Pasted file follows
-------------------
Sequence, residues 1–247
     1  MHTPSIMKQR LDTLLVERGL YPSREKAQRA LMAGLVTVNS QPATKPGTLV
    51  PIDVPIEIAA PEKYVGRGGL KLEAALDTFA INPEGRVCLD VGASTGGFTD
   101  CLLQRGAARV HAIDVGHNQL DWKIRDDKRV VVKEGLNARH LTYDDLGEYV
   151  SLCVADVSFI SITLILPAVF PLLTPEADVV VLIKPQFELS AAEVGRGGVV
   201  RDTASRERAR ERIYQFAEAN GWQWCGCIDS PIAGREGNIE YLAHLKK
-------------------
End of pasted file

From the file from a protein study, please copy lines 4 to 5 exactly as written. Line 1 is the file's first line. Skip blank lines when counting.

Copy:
   101  CLLQRGAARV HAIDVGHNQL DWKIRDDKRV VVKEGLNARH LTYDDLGEYV
   151  SLCVADVSFI SITLILPAVF PLLTPEADVV VLIKPQFELS AAEVGRGGVV